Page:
How subsectors fared
Deaveraging the 12 subsectors that make up the industrials sector shows that performance varied significantly across subsectors and over time. Several subsectors were consistently at either the top or the bottom, while others saw their fortunes rise or fall depending on the economic-profit-creation cycle (Exhibit 1). In total, all subsectors generated a positive economic profit from 2001 to 2015, with the exception of cables and wires. However, three subsectors in particular—multi-application components, building technologies, and test and measurement—outperformed the others.
Our analysis also segmented industrials companies by EP/R performance within their subsector (and product segments) through all three periods. The segmentation showed four performance patterns, which we used to categorize the companies in terms of their performance:
Leading companies were consistently in the top quartile of the product segment.
Rising companies moved up to the top quartile over the period studied.
Declining companies dropped to the bottom quartile from a higher position.
Trailing companies were consistently in the bottom throughout the cycle.
Key drivers of performance
We next sought to understand whether leading companies followed different strategies than trailing companies. We measured three company attributes (size, level of capital expenditure, and R&D spend) and four management choices—quality of revenue growth, margin management, M&A strategy, and resource allocation. We determined whether any of these were associated with being a leading or trailing company. Our results showed that what differentiated “leading” companies was the management choices they made, rather than any of their starting attributes (Exhibit 2).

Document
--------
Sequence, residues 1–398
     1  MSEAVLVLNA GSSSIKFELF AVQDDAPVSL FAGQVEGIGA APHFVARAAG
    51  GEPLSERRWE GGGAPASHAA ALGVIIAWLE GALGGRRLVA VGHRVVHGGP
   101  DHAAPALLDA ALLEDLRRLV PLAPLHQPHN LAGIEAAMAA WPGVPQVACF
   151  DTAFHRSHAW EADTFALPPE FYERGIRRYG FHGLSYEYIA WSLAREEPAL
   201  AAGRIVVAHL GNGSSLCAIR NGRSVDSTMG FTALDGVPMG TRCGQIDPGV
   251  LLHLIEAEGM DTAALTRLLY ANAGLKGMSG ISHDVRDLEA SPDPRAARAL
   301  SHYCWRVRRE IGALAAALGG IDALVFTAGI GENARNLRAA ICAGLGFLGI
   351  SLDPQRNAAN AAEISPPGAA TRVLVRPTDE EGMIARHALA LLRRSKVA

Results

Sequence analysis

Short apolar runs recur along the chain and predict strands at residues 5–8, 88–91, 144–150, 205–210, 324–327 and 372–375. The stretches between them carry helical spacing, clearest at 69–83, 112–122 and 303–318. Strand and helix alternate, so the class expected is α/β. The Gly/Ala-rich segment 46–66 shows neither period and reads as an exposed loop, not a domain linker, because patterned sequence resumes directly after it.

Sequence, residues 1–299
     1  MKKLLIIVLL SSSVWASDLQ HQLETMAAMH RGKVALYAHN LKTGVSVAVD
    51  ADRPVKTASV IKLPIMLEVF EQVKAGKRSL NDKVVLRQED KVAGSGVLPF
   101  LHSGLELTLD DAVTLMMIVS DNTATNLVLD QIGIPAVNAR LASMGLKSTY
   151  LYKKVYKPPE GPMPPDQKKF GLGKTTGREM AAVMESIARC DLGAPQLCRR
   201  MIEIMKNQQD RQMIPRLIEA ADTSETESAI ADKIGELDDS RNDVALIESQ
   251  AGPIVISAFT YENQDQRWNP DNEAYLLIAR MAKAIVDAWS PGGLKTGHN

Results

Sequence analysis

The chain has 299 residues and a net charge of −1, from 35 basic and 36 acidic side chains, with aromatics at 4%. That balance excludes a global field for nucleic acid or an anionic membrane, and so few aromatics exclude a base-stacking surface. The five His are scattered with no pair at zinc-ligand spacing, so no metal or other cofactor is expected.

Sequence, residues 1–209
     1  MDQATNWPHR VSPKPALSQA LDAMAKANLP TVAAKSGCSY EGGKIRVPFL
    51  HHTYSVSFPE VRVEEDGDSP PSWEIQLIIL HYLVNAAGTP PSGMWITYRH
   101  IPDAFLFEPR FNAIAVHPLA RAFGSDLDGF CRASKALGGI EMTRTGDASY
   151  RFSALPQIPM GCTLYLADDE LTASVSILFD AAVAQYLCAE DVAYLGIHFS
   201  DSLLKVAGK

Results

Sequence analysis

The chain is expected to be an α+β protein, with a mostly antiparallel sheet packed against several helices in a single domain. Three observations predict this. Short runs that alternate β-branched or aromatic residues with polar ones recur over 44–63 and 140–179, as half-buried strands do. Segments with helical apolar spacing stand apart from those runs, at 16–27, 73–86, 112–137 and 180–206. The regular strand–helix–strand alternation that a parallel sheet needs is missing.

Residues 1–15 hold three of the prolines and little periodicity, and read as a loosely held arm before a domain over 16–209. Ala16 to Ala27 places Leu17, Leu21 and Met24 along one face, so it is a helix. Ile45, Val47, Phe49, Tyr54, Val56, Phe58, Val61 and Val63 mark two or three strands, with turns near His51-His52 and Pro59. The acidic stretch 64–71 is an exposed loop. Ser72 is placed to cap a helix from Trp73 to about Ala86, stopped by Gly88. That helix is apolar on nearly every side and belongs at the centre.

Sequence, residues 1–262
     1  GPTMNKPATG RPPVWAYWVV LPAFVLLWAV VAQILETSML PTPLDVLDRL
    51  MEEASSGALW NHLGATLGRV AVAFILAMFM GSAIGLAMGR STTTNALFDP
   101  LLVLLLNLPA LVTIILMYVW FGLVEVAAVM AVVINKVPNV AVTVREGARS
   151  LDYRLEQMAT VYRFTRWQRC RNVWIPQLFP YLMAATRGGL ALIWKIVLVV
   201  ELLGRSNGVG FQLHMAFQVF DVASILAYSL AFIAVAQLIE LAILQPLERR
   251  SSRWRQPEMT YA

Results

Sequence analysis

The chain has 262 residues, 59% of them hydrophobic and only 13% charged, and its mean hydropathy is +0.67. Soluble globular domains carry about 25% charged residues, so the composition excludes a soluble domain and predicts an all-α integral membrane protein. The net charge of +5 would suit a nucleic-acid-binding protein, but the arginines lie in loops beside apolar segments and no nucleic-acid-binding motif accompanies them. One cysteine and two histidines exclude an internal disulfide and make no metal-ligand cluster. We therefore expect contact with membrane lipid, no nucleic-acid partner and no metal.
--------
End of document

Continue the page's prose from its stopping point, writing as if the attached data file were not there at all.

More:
There was no correlation between a company’s size, level of capital expenditure, or R&D spend and its ability to generate economic profit in the same cycle or subsequent cycles. Small companies were as likely to generate economic profit as large companies or companies that had limited capital-expenditure or R&D budgets. This result stands in stark contrast to other sectors, in which a company’s endowment often plays a critical role in determining future success.
Perspective on new value-creation levers
The historical drivers of success will remain critical going forward, both for leading companies to remain at the top and for trailing companies to rise. However, acting on the same playbook of the past 15 years is unlikely to suffice.
As we look to the future, we believe six megatrends will shape the next phase of value creation for industrials: demographics, geography and regions, social, geopolitical/regulatory, technology, and end markets. Shifts in these areas will create opportunities for companies willing to embrace change. Capturing these opportunities will require companies to pursue the “3 Ns”—new capabilities, new offerings and business models, and new operating models. Companies that can both deliver on the existing playbook and quickly figure out how to move forward in each of the 3 Ns will be best positioned to achieve sustained value creation.
Download the full report on which this article is based, Industrials: A phoenix ready to rise again? (PDF–7.35MB)